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Archive: Nagakuni (長國)

Nakamura Utaemon III (中村歌右衛門) as Konoshita Tokichi (木下藤吉) in Gion sairei shinkôki (Gion Festival chronicle of faith: 祇園祭礼信仰記) at the Kado Theater, Osaka
Nagahide monjin Nagakuni (長秀門人長國画)
No artist's seal
Wataki (Wataya Kihei, 綿屋喜兵衛)
(H x W)
Oban nishiki-e
39.0 x 26.5 cm
Excellent color and good condition, unbacked; visible chain lines from the paper-making process and aging,* a few slight creases, very shallow creases on paper surface probably from previous mounting, stray pigment below hilt, discoloration on right collar, a few flattened creases
Price (USD/¥):

Inquiry: NGK01


Gion sairei shinkôki (The Gion festival chronicle of faith: 祇園祭礼信仰記), a jidaimono ("period piece" or history play: 時代物) for bunraku (puppet theater: 文楽 also called jôruri 淨瑠璃), premiered in 12/1757 at the Toyotake-za in Osaka. The five playwrights were influenced by puppet plays written by Chikamatsu Monzaemon (近松門左衛門 1653–1725), including Keisei hongonkô from 1708 and Honchô nijûshikô sankoku shi from 1719. Gion sairei shinkôki was a long-running hit that elevated the Toyotake-za temporarily to the pinacle of the puppet world, a welcome triumph for a theater that typically occupied second place behind its rival, the Takemoto-za. Kabuki's premiere was staged in 1758 at the Sawamura Somematsu-za in Kyoto.

The play, originally in five acts, is based on the Shinchôki or chronicle of the warlord and early unifier of Japan Oda Nobunaga (織田信長 1534–82), written by the physician and Confucian scholar Oze Hoan (小瀬甫庵 1564–1640). Hoan's work was an embellishment of (and more fictional than) the Shinchôkôki (also known as Shinchôki) by Ôta Gyûichi (太田牛一 pen name Ôta Matasuke Nobusada, 1527–1613), circa 1610. Gyûichi was a former retainer of Nobunaga and an observer of some of the events described in the chronicle.

In the dramatization, Konoshita Tokichi (木下藤吉) is a former loyal retainer of the shôgun Ashikaga Yoshiteru (1536–65), who hopes to free the shôgun's elderly mother, Keijuin, from Matsunaga Daizen, who has overthrown the shogunate and arranged for Yoshiteru's murder. The role of Daizen requires an actor who performs as both a katakiyaku (actor specializing in villain roles: 敵役) and also a kunikuzushi (actor as a thoroughly evil villain plotting to take over the country: 國崩). When Tokichi defeats Daizen at a game of go (碁), Daizen angrily tosses the go-counter box down a well and challenges Tokichi to retrieve it without getting his hands wet. Cleverly, Tokichi fills the well with more water and raises the box until he can lift it with the aid of a fan. He then presents the counter box on the go board to Daizen as if he were delivering a severed head.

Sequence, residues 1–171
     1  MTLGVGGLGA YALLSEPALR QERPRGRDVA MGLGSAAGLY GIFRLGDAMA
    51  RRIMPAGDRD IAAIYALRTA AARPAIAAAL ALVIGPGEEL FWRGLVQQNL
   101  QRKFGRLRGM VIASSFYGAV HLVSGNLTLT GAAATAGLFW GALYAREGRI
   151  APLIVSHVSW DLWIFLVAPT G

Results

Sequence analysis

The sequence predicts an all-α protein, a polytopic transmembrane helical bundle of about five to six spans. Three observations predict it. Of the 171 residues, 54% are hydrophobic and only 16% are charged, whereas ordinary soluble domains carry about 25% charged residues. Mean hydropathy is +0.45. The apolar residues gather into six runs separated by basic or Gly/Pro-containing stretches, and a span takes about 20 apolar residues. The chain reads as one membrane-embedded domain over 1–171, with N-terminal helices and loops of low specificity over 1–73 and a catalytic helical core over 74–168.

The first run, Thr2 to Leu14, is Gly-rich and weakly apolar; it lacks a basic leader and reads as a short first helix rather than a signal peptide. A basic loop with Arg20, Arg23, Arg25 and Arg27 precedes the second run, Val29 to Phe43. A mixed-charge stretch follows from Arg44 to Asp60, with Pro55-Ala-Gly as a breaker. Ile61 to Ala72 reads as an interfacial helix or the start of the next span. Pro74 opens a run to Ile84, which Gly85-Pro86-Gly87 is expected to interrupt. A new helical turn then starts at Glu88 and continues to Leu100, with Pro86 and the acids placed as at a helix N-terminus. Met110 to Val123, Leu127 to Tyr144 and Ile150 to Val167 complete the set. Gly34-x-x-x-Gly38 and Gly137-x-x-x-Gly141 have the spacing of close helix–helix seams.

Later, when Keijuin vows to die, Tokichi persuades her to live for the sake of her grandson, the new shôgun. Then a tachimawari (choreographed fight scene: 立回り) follows between Daizen and soldiers loyal to the shôgun. Daizen fights valiantly, so much so that he is given a temporary reprieve and allowed to confront Tokichi (now revealed to be Mashiba Hisayoshi (真柴久吉 the historical Toyotomi Hideyoshi 豊臣秀吉 1536–98, Japan's second great unifier) on the battlefield.


Naniwa Nagakuni (浪花長國), active in Osaka circa 1816–21, was a pupil of Urakusai Nagahide (note the signature on our print, Nagahide monjin Nagakuni (長秀門人長國画) — "Nagakuni, pupil of Nagahide."

In the present scene, Tokichi, who is planning to rescue Keijuin and capture Daizen, stands by a flowering cherry tree, which he will climb after he fends off some of Daizen's samurai attackers.

This is our first offering of a Nagakuni print, which in this early example retains fresh color and overall very good condition. We have so far been unable to locate another impression of this rare design, which might be the left sheet of a diptych.

References: NKE, p. 127; KNP-6, p. 5

* Note on Chain lines: Handmade papers have visible lines, what in the West are called "chain lines" for the more widely spaced lines (about about 3 cm apart for papers used for ukiyo-e) and "laid lines" for the more closely spaced lines running perpendicular to the chain lines. We have noticed that these lines tend to be more visible in eighteenth and early nineteenth-century prints (both from Osaka and Edo) than in later Tokugawa-period and Meiji-period papers. The structure of the bamboo mesh or screen used in the papermaking to allow excess water to drain away imparted the chain and laid lines (linear depressions) into the finished papers. Sometimes, as the papers aged, weaknesses along these lines emerged. Thus it seems likely that certain handmade papers, given more time to age and react to variable environmental conditions, would yield more prominent lines than other, less aged paper.